Kill Weeds

Kill those perennial weeds that keep coming back year after year. A product such as Roundup is a good way to deal with pesky weeds. The spray will destroy any plant it comes in contact with, so care must be taken to ensure the product is only applied to areas you wish to kill. The spray nozzle on the Roundup container typically can be adjusted to a narrow stream or a fine mist to make spraying easier. Try spraying in the early part of the day when there is less wind.

Fertilize Acid Loving Plants

Fertilize acid loving plants, such as Azaleas, Rhododendrons, and Blue Hydrangea. These plants can slowly decline in health overtime due to the alkaline soils common in the metro area. Poor health can cause the nice green foliage of these plants to fade or yellow. Even the bright flowers may not be the color you once had. Once a year add 3 cups of Cottonseed meal into the top surface for every 25 square feet of root area. This will keep these plants thriving like they were when new!


Mulch Around the Trees

Did you know the majority of tree roots are in the top 18" of the soil? Mulching with organic mulches (e.g. hardwood and softwood bark and wood) is one of the best things you can do for your tree's health. The mulch will promote root growth by aiding in water retention and preventing competition from turf roots. Add a mulch layer 2-4" deep around the tree as wide as you can tolerate. To avoid stem damage, keep mulch away from the trunk.

Light Trimming

Summer blooming shrubs such as Weigela and several varieties of Spirea should be trimmed lightly after flowering. Removing the spent flowers and slightly improving the plant's shape will keep the plant looking neat for the rest of the summer. This trimming will also encourage some late flowering on the shrubs.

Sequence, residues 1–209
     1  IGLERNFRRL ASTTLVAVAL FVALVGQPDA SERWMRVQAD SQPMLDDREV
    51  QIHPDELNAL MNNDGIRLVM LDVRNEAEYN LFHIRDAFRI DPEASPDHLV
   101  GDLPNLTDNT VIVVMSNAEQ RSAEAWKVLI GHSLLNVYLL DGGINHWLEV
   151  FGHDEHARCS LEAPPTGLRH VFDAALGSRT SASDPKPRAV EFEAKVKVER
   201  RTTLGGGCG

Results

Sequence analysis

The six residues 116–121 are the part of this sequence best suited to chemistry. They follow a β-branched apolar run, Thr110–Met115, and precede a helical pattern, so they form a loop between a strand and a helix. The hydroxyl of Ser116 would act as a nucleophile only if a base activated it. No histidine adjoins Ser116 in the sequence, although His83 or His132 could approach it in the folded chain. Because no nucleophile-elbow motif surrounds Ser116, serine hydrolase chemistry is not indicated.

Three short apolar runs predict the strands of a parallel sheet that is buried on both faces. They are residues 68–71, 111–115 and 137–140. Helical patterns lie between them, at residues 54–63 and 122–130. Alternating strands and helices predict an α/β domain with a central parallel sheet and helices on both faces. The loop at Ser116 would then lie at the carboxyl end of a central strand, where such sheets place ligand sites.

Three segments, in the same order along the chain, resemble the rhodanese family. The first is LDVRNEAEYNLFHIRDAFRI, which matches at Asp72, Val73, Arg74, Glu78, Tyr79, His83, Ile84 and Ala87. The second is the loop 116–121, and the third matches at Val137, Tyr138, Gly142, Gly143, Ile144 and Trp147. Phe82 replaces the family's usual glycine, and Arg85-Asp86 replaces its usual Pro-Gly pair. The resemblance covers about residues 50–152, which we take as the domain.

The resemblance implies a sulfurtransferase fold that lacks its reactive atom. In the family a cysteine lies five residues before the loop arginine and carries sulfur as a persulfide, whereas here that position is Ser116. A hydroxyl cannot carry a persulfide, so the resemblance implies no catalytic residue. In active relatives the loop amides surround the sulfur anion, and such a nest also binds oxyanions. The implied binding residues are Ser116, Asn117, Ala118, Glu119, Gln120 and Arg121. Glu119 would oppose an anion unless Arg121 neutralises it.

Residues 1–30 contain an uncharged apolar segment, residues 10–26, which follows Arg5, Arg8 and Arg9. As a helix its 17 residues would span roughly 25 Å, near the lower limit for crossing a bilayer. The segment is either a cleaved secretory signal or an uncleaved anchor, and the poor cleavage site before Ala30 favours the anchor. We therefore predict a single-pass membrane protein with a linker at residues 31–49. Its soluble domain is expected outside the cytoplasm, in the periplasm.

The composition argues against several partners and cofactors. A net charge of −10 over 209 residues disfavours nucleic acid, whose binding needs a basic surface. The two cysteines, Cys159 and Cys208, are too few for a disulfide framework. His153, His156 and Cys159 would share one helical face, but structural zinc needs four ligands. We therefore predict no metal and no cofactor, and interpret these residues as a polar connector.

Holes on Your Hostas?

Do the leaves of your hostas look like Swiss cheese? Slugs are probably the problem if your hostas are located in a shady, moist area in your landscape. The slugs feed on plants during the night, so they are difficult to find, but if your hostas have these distinctive holes in the middle of the leaves the slugs have probably been there to feed. Although there are several ways to deal with slugs, a non-toxic product called Sluggo has proven to be very effective.


Unwanted Pests

Frustrated with pests such as rabbits or deer feeding on your landscape plants? Unfortunately, there is no easy solution to this problem. A barrier such as a fence is really the only proven method with success but how attractive is that? There are many products on the market which claim they work, but what may be working for your friend may not work for you at all. Your landscape will have different plants and different rabbits. We recommend starting with a small bottle of a product such as Hot Pepper Wax and see what result you have.

Move Your Perennials

Some of the perennials that are easiest to grow may be moved or divided during any cool period in the summer. Examples of these perennials include Hostas, Astilbes, and Heucheras. To move or divide perennials, carefully dig around the base of the plant forming a root ball containing as much of the root system as possible. Then, after lifting the root ball from the hole, use a sharp spade or knife to cut the ball into several smaller sections containing roots and stems. Feel free to trim away any large excess foliage. After replanting, remember to keep the plants moist until they are growing vigorously. Plan ahead for winter protection; lead time is needed to do the job correctly.

Lawn Repair